Pirelli is confident that Formula 1 will return to two-stop races next year, following positive early testing of its 2018 tyres in Abu Dhabi this week.
F1's tyre supplier is expanding its range of compounds, as well as making them softer, in a bid to try to introduce more strategic variance next season.
This year, because of uncertainty about the speed leap of F1's faster 2017 cars, Pirelli went too conservative - and it meant 15 of the 20 races were in effect one-stop races.
One of Pirelli's targets is for there to be an average of two tyre changes per race.
It believes that in light of some encouraging findings from the testing this week, it is now on course to deliver that next season.
Pirelli's F1 racing manager Mario Isola said: "Considering all the range is one step softer, plus we have the hyper-soft, we now have the option to go soft enough to target two stops.
"I believe that three stops is a bit too much because we know it can be a bit confusing to have too many stops.
"We will try to make the selection of having two stops or one of the fastest strategies a two-stop.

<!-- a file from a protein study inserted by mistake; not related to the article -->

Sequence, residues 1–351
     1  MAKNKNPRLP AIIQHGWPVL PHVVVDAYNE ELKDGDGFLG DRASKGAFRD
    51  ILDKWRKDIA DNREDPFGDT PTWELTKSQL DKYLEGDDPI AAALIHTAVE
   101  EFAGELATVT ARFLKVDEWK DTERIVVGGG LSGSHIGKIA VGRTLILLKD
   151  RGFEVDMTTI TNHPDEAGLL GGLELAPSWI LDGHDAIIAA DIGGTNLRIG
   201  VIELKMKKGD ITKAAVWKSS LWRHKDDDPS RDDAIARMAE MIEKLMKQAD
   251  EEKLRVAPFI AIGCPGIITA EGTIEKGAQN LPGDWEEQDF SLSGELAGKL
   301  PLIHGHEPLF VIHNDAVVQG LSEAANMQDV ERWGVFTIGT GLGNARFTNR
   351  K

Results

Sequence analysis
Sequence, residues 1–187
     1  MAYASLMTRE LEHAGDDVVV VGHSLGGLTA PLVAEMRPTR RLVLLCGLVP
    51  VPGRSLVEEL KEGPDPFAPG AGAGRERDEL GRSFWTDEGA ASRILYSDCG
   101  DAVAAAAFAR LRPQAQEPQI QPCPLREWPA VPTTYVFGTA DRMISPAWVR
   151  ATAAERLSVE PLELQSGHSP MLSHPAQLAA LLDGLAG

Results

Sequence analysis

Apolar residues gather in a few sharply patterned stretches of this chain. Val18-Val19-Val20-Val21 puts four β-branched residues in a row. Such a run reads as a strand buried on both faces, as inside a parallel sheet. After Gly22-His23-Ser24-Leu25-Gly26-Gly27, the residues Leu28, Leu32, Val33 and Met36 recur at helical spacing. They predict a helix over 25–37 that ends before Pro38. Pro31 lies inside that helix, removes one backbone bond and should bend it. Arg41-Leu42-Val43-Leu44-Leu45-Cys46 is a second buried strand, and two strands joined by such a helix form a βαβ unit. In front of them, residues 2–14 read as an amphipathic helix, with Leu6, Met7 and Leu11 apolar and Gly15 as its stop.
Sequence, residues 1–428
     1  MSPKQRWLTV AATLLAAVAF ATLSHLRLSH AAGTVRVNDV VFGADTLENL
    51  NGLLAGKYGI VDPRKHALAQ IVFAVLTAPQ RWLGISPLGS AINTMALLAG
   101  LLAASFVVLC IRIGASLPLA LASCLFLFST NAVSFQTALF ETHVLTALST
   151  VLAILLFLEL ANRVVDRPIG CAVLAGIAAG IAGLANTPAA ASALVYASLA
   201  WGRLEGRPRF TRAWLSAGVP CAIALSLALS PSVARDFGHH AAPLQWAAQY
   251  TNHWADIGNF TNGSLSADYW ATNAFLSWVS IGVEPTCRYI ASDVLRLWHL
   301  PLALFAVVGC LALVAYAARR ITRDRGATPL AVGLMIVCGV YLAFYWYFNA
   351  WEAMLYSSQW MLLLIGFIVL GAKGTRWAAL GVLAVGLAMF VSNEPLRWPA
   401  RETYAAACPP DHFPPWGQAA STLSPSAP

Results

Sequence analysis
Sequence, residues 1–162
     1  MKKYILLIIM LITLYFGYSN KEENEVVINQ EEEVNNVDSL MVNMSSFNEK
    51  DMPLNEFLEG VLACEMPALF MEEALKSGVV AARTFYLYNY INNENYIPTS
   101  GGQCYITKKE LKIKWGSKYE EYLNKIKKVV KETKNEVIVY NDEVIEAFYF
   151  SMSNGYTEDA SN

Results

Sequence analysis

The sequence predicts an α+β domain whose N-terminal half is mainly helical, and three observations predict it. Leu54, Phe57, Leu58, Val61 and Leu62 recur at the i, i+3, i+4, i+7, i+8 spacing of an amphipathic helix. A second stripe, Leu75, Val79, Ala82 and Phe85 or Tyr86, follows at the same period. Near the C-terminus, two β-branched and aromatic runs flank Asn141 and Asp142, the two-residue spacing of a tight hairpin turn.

"There is another advantage - with more compounds and a softer step, you give the teams the possibility to design the car that is more gentle on the tyres, so you can push the tyre towards the softer side.
"This is an additional variable that is up to the teams, and we give to everybody the same opportunity."
The Abu Dhabi test was the first time that drivers tried the new hyper-soft compound, with world champion Lewis Hamilton claiming it was the best tyre that Pirelli had produced since it returned to F1.
Sebastian Vettel was equally complimentary about the tyre, saying he was surprised by how much of a step forward it was.
"It's always nice to go fast, and the hyper-soft is quite a step forward," said the Ferrari driver.
"It's faster, so obviously now we need to see. Fairly soon Pirelli will have to decide where we'll be able to bring it and where we are not."
Isola explained that the hyper-soft had proven to be one-second per lap quicker than the ultra-soft, which in itself was 0.4s faster than the super-soft.
Pirelli is on schedule to decide the tyre compounds it will take to the Australian Grand Prix by December 7.
It is possible that it could pick three varied compounds, as it does not have to take three that are consecutive in its range.
"We are allowed to jump one step - so we are not obliged to go with the soft, super-soft and ultra-soft for example," added Isola.
"We will tune the compounds' choice and selection to make sure we can generate different strategies.
"The average number of pitstops should be two. This is the target. We want alternative strategies."